Want Fast, Cheap, Healthy Food? Try Your Local Asian Market

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Asian market grocery store
See if this sounds familiar. It's 5:30, getting close to dinner time, and you're monumentally uninspired. You don't have the time or energy to cook a big meal, and the idea of eating another pizza turns your stomach. You could always go the convenience food route -- mac and cheese is quick, and pot pies are easy -- but you're worried about the mess of unfamiliar chemicals and unpronounceable additives that seem to fill the frozen food section of your supermarket.

If you find yourself caught between a rock and a hard place -- or, more accurately, the freezer section and takeout -- there may be another solution: your local Asian market. In addition to bottles of soy sauce and bags of rice, most Asian markets have a solid selection of low-priced convenience foods that are more flavorful, more interesting, and healthier than many mainstream offerings. As an added plus, unlike American convenience foods, which often sport a long, confusing list of unpronounceable chemicals and additives, Asian convenience foods are often a bit easier to figure out.

This isn't to say that Asian convenience foods are completely healthy. Like their American counterparts, they tend to be very high in sodium. What's more, some labels are only printed in non-English languages, which means that you may be flying blind when you pull something off the shelves. But with low prices and hundreds of intriguing options, chances are good that you'll find something you like.

Here are a few of my favorites:

Savings Challenge: Finding Cheap, Fast, Reasonably Healthy Dinners at the Asian Market
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Want Fast, Cheap, Healthy Food? Try Your Local Asian Market

If your only experience with Asian noodles is cheap grocery store ramen, Asian markets will blow your mind. Admittedly, their noodles tend to cost a bit more: rather than six packs for a buck, you should expect to pay at least a dollar a pack, and sometimes up to $6 or more, depending on the brand. On the bright side, a good Asian noodle soup is a serious meal, with added vegetables, seasonings and, often, meats. And even the noodles are different: some, like udon, are thick and almost fluffy. Others, like soba, have a more complex texture and flavor.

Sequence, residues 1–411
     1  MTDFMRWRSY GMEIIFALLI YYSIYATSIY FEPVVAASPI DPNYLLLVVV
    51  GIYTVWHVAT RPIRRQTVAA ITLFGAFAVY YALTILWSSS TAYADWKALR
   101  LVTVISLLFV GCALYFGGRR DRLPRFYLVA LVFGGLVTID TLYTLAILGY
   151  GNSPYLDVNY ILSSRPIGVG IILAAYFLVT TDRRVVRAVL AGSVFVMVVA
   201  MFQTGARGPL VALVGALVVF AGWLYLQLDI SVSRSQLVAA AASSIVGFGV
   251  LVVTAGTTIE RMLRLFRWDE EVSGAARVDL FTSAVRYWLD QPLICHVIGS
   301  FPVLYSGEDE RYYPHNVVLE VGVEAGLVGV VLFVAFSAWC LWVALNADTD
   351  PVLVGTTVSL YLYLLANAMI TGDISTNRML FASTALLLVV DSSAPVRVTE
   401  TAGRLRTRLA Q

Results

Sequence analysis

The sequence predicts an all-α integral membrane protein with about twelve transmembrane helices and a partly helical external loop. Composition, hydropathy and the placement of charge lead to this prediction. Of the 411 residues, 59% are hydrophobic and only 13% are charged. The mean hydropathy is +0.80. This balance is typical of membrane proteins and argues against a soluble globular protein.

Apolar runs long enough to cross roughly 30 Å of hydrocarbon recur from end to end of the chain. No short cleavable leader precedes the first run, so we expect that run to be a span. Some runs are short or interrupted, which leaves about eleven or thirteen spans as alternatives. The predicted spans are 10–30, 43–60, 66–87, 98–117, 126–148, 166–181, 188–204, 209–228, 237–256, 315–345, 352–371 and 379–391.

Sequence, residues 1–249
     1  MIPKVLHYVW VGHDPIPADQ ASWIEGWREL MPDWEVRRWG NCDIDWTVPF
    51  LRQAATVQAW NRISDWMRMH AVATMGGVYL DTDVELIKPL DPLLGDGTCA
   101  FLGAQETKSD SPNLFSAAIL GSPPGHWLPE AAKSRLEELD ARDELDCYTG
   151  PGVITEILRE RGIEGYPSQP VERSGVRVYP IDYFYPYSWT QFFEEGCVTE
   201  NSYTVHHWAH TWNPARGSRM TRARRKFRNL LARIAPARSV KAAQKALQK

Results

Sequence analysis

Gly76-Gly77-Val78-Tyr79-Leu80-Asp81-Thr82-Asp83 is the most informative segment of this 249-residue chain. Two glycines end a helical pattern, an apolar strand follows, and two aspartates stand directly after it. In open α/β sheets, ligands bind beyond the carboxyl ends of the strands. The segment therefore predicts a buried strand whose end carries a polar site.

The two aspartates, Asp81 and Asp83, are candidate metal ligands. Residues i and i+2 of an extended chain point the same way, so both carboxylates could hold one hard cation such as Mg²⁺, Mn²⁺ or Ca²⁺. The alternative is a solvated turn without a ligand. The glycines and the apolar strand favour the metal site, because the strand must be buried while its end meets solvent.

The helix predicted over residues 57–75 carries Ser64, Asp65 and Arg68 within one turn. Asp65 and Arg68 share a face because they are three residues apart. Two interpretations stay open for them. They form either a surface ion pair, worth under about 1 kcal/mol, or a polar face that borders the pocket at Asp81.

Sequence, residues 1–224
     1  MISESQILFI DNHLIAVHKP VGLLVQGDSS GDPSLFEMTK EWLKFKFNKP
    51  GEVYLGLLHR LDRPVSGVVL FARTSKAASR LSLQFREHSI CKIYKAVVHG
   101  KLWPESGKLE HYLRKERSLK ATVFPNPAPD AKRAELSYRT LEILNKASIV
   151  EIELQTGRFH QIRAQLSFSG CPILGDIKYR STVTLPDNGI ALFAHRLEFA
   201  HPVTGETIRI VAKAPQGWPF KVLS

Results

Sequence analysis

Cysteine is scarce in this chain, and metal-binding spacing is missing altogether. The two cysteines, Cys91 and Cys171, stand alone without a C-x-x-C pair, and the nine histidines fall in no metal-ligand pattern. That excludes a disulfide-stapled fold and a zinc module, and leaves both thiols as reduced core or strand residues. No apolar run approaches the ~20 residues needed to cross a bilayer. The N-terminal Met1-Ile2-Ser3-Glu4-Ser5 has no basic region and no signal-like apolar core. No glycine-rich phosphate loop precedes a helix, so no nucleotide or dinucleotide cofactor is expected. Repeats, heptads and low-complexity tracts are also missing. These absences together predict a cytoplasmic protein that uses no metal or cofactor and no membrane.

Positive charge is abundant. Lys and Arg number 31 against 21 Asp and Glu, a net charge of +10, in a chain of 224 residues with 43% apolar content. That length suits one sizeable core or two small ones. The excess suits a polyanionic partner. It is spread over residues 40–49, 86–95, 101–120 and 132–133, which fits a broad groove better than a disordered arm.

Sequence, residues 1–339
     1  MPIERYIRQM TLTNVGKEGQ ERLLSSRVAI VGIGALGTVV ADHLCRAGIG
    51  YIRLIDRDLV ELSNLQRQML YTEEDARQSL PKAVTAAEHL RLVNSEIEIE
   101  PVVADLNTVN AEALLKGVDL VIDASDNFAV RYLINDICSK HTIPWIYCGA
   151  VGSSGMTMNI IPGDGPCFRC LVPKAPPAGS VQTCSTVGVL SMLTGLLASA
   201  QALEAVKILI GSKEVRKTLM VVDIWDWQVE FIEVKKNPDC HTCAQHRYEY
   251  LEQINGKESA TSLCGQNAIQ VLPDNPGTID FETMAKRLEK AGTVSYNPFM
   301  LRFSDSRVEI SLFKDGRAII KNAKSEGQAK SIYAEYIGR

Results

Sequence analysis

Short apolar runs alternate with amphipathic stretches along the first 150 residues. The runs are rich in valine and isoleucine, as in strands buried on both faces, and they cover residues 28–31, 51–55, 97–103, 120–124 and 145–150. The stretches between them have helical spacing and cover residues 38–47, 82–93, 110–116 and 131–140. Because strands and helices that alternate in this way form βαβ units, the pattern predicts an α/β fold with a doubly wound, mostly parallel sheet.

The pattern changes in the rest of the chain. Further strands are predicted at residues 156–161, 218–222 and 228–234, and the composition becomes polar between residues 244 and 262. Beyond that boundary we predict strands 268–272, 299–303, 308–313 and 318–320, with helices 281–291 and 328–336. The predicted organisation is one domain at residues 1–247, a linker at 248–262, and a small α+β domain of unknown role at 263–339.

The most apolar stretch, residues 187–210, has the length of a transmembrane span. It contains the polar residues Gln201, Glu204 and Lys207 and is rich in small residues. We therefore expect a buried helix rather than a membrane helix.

One warning, though: watch the sodium! Just like American-style Oodles of Noodles, Asian soups tend to be very high in salt.

Big, fluffy Asian buns are a solid, stick-to-your-ribs meal that doesn't cost a whole lot. This kind, filled with cooked cabbage, contain a handful of ingredients, only one of which, "emulsifier," is not immediately recognizable. The package costs less than five bucks, and there are only 105 mg of sodium per serving -- a fairly low amount for a convenience food. Best of all, they taste delicious!
Just like your local supermarket, most Asian grocery stores have a big premade food section. In addition to the usual sushi rolls and seaweed salad, you can sometimes find fun, surprising offerings, like these Korean-style seafood/vegetable pancakes. Sort of like a cross between a crepe and an omelet, they have a slightly crunchy, chewy texture.
Most Asian countries have some version of dumplings, from Japan's tiny, shrimp-filled gyoza to China's larger shumai. And, depending on its clientele, your local Asian market will probably have a pretty impressive selection of options. These leek dumplings are pesco-vegetarian (they contain pureed milkfish), and don't have any unrecognizable ingredients. The sodium levels are a little high, though: they have 365 mg per six-piece serving.
Some Asian markets, particularly those that cater to Indian customers, offer a decent selection of boxed foods. Unfortunately, the one where I shopped was aimed at Japanese consumers, which means that pickings were slim. This golden curry, made in Japan, has a few unpronounceable ingredients, including disodium inosate, and a pretty heavy salt load. But mixed with rice, it makes a solid, vegetarian meal.
If you used to love chemistry sets and plastic model kits, Asian markets will be right up your alley. In addition to the Japanese noodle kits, which often contain three or four different food packets, all of which must be cut open and added at different times, there are often other, equally intricate food experiments that you can conduct in your home. This Thai noodle kid has the added benefit of being fun AND fairly healthy: there are almost no additives in it!

Bruce Watson is DailyFinance's Savings editor. You can reach him by e-mail at bruce.watson@teamaol.com, or follow him on Twitter at @bruce1971.
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